Five soldiers dressed in camouflage and carrying machine guns took cover behind a stack of wooden pallets. One yelled “incoming” and a few seconds later a large explosion ignited behind them, setting off a ball of flame rising 30 feet high. The soldiers fell to the ground from the force of the blast, a concoction of black powder and gasoline.
The scene was one of many pyrotechnic stunts performed Thursday at the Burbank Fire Department Training Center for a crowd of Southern California firefighters who were attending a three-day course on how to become a certified motion picture and television safety officer.
The California State Fire Marshal's office launched the program two decades ago to educate local fire department officials about potential hazards on films sets – including faulty wiring, blocked exits and flammable materials -- and how pyrotechnic specialists and stunt performers do their jobs.
“We’re really trying to educate the local fire service as far as the movie industry way of doing things that are out of the norm,’’ said Cindy Moore, deputy state fire marshal, adding that most cities and counties in California require fire safety officers on sets when explosives or pyrotechnics are used. “We want to make them feel comfortable with things they are not going to see every day, so when something is going sideways, they can make it a safe environment.”
The goal of the program is to create more dialogue between film industry and fire departments that once eyed each other warily. The suspicions deepened after an infamous helicopter crash in 1982 during the filming of “Twilight Zone: The Movie” killed actor Vic Morrow and two child actors, Myca Dinh Le and Renee Shin-Yi Chen.
The tragedy raised questions about the level of safety oversight on movie sets and prompted local fire departments to introduce tougher safety rules for film crews. Some producers balked at the new requirements and took their productions out of state.
Following the Sept. 11, 2001, terrorist attacks, the Bureau of Alcohol, Tobacco, Firearms and Explosives also stepped up its inspections of film sets and imposed new licensing requirements for people storing and transporting explosives.
State fire officials say the program, which is offered several times a year throughout the state, is an attempt to strike a balance between ensuring compliance with fire and safety rules while also allowing film crews to do their jobs.
Film industry officials tout the course as an asset. “Most other states don’t have this type of program,’’ said Amy Lemisch, executive director of the California Film Commission, which participates in the program. “It adds to California’s competitive advantage because we have the expertise to perform these stunts and special effects safely.”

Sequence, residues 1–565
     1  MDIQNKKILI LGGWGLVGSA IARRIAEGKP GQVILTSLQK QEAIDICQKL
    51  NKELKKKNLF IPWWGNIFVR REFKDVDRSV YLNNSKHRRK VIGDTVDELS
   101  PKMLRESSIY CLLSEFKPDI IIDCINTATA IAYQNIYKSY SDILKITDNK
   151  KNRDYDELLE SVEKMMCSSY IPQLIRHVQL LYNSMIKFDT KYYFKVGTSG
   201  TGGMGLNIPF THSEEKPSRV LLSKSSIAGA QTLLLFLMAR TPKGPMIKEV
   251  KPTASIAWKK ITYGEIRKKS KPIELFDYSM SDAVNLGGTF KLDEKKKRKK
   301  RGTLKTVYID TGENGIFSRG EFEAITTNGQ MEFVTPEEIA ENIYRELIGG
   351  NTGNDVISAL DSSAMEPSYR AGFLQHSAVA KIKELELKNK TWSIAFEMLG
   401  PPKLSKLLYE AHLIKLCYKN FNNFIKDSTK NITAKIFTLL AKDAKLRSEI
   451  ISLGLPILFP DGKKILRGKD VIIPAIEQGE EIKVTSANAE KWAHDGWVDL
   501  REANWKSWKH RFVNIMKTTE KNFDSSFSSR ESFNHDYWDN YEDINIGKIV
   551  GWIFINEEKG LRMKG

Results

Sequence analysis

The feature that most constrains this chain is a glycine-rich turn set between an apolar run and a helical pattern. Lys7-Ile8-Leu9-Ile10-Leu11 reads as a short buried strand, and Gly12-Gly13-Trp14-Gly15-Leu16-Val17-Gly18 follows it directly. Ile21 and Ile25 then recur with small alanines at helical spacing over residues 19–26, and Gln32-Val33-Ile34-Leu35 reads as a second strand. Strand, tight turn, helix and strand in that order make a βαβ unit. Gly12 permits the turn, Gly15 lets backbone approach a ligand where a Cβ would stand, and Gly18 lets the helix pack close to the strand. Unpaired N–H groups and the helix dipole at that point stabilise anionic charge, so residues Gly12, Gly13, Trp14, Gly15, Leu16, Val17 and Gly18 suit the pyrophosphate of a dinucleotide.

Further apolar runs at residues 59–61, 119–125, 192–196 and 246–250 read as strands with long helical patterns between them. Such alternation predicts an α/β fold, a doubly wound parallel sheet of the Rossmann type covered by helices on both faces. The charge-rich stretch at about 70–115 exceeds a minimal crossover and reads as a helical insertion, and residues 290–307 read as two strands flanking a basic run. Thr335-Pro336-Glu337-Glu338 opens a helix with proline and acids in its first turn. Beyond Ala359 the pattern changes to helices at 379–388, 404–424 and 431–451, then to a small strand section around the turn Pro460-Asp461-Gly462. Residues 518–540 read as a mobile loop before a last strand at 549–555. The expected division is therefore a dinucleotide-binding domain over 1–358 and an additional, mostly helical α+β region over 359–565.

Stunt coordinator Joe Ordaz, who led the stunt demonstration in Burbank, said attitudes toward fire inspectors have changed among his colleagues.
“When I first got into this business, I was brought up to avoid the Fire Marshal--they were the bad guys,’’ said Ordaz, who has performed stunts for such TV shows as “Dexter” and big action movies including “Fast & Furious.”
“Today, firemen and stuntmen – we’re the best of friends,” said Ordaz. “From my perspective, the more eyes we have on the set the better so we’re all on the same page.”
In addition to Thursday’s bomb demonstration with the soldiers, Ordaz coordinated a scene in which stuntwoman Heidi Pascoe demonstrated a high fall jump, diving from the third story of a training building onto a large mattress as concussion bombs went off inside the structure.
Working with special effects coordinator Jeffrey Marsh, Ordaz also had himself set on fire, after smearing his body in a flame retardant gel that was cooled to a certain temperature and putting on special protective clothing.
“Any time I do one of these stunts, they [the firefighters] always have their arms crossed and look very uncomfortable,” Ordaz said. “It’s the last thing they want to see.”
After three days of classes and demonstrations, fire inspector Patrick Richardson, with the L.A. County Fire Department, was impressed by the display.
“Beyond all the flash-and-bang stuff, we’re learning when we go out on a set what to look for in terms of fire safety,’’ said Richardson, who previously worked as a camera assistant and gaffer before joining the Fire Department. “I knew nothing about this side of the business.”
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